Leaving Mother Lake: A Girlhood at the Edge of the World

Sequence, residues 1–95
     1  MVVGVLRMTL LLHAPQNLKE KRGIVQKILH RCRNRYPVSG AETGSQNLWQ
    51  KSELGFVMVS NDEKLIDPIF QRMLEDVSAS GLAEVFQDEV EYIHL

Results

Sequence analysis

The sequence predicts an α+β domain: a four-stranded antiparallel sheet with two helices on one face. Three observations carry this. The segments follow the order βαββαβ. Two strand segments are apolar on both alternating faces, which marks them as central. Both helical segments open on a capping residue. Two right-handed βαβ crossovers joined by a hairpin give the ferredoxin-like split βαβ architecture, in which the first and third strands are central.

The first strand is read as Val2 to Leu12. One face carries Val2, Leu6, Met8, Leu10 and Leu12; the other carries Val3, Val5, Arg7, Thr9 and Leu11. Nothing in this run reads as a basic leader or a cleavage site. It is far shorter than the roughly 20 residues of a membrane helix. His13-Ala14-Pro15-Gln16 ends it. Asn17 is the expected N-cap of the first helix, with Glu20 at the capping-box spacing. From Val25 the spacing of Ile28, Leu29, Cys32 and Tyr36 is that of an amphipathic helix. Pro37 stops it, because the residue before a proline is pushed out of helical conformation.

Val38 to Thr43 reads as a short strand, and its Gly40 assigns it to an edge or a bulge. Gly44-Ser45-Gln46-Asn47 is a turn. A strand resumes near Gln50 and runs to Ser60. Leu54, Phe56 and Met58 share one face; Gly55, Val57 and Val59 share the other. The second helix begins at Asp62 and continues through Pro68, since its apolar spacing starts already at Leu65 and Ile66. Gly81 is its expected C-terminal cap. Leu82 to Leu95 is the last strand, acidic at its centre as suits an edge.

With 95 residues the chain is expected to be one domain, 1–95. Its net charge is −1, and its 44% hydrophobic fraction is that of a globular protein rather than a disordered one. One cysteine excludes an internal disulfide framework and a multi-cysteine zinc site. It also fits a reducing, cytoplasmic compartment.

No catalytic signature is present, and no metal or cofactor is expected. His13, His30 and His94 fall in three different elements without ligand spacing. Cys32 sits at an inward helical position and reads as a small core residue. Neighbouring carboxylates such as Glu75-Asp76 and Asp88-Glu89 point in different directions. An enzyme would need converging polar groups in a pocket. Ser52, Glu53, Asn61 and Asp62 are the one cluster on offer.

The Tibetans refer to Moso country as "The Country of Daughters" because of their unique matrilineal society. In Moso culture, daughters are favoured ... Show synopsis The Tibetans refer to Moso country as "The Country of Daughters" because of their unique matrilineal society. In Moso culture, daughters are favoured children. There is no word for father, marriage is considered a backward practice and property is passed on from mother to daughter. This book is the haunting memoir of a girl growing up in a remarkable place. In her village, Namu was known as the girl whose mother tried to give her away three times because she would not stop crying. The strong-willed Namu clashed with her equally fierce mother, becoming alienated from village life. When Chinese officials came looking for talented singers, she seized her chance and broke the taboo that holds Moso culture together - she left her mother's house. Winning a place at the Shanghai Conservatory of Music as a special minority student, Namu became "the Madonna of Tibet", singing on the soundtrack of "The Joy Luck Club". A lyrical combination of anthropology and memoir, this is a story full of surprise, drama and beauty. It is a universal tale of mothers and daughters - the battles that drive them apart and the love that brings them back together.